Monthly archives: October, 2018

Quick wins to ACT on feedback

Please read this post for 6 quick wins that can be implemented immediately to ensure feedback has impact on pupils in a time efficient manner! Quickwins

WRAP time

A strategy to afford children the time to respond to feedback and respond at the start of lessons. Also enabling the teacher to provide personalised verbal feedback. Children both respond to feedback and progress with the challenge at their own pace. This ensures a purposeful start to the lesson. WALT and date Respond to marking And Progress …

Whole class feedback

This strategy is based on the principle that giving feedback as a collective is empowering for pupils to receive and respond to immediately. (whilst reducing teacher workload, also a great tool to use as part of home learning!) The teacher takes a selection of books/work from a wide ranging sample and reads through. Using a crib …

Self and peer assessment

Teachers should train pupils in the art of self/peer assessment by using effective vehicles to equip pupils to take responsibility for assessing their own or each other’s work meaningfully. Strategies such as checklists, self marking answers, improving mistakes, success criteria can ensure the feedback is both useful and accurate. Self_peer assessment Secondary examples here Examples_self_peer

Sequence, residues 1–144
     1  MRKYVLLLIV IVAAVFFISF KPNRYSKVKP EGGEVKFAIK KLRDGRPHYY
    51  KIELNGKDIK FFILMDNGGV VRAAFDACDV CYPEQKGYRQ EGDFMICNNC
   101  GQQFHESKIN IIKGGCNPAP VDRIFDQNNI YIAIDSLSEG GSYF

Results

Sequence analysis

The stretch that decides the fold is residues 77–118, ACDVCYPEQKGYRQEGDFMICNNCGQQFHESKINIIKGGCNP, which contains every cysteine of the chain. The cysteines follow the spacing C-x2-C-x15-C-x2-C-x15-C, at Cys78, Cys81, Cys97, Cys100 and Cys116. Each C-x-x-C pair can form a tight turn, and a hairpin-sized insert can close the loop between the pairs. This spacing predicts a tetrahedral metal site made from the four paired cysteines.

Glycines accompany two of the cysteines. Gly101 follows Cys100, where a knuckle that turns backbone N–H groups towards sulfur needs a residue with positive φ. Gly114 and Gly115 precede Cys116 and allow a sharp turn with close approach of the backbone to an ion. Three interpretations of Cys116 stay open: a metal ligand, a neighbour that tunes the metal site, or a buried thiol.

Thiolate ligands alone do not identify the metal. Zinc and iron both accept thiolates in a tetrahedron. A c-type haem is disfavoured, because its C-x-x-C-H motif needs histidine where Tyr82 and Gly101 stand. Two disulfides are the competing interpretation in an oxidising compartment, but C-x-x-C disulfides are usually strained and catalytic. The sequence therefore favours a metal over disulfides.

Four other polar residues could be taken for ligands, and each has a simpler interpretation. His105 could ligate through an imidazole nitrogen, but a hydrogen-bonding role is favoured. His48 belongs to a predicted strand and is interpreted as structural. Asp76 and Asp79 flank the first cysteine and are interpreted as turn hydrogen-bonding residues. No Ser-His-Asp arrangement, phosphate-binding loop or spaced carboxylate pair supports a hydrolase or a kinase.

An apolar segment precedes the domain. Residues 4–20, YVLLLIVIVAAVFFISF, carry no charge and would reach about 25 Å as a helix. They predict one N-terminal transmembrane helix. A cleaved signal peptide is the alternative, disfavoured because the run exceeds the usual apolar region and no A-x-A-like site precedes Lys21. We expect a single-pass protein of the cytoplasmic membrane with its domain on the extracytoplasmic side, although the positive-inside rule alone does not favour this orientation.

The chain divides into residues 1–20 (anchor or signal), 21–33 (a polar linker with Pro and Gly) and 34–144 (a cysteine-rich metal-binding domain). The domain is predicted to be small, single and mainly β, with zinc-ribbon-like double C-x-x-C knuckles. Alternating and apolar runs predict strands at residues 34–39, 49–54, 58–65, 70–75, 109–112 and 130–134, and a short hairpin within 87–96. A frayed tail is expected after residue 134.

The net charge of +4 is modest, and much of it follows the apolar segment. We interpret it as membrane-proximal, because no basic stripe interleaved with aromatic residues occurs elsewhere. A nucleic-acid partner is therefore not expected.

Watch me, help me, show me

A way of introducing new learning in 3 simple phases whilst also assessing pupil learning diagnostically (using mini whiteboards) prior to commencing the independent task to deepen understanding. Stage 1 – Watch me: Teacher models the new learning by demonstrating the process whilst facilitating pupil involvement. Stage 2 – Help me: Teacher models again the …

Assessment for learning: the rationale

Assessment for learning is a powerful learning and teaching tool that generates information (feedback) that can be used to both modify teaching and therefore enhance pupil progress. It should be used diagnostically to guide teaching and support that follows, as well as medium term planning. Click below to consider further research/rationale behind the principle. ACT_input


At the end of the lesson children should be given the chance to reflect on their learning, particularly the deeper learning. This phase should be teacher led but pupil centred. Children can be asked to do this in different ways: Reflect on the learning process – technique, mistakes, challenges Set goals- using assessment frameworks to …


To decrease variation in results, teachers must increase variation in their teaching. Following AfL we should accurately assess those children who will benefit from additional support. Strategies that can be effective are: Re-group children to form a cut away group Using experts or peer support Explanation in an alternative manner, or more time Using different …


This phase of the lesson, enables children to, once proficient in initial concepts, continue to deepen their learning through progressive tasks. Pupils should progress in small steps, with AfL used throughout to provide feedback whilst supporting progression in learning. Below you can find some examples of exercises in particular to deepen learning, after pupils have …

Watch me, watch out

This phase of the model implies children learn new knowledge that is modelled to them and are then exposed to common misconceptions. Learning should be layered carefully; children should be encouraged to spot and communicate the misconceptions the teacher has deliberately made. This enables the teacher to assess the level of depth of understanding. WMWO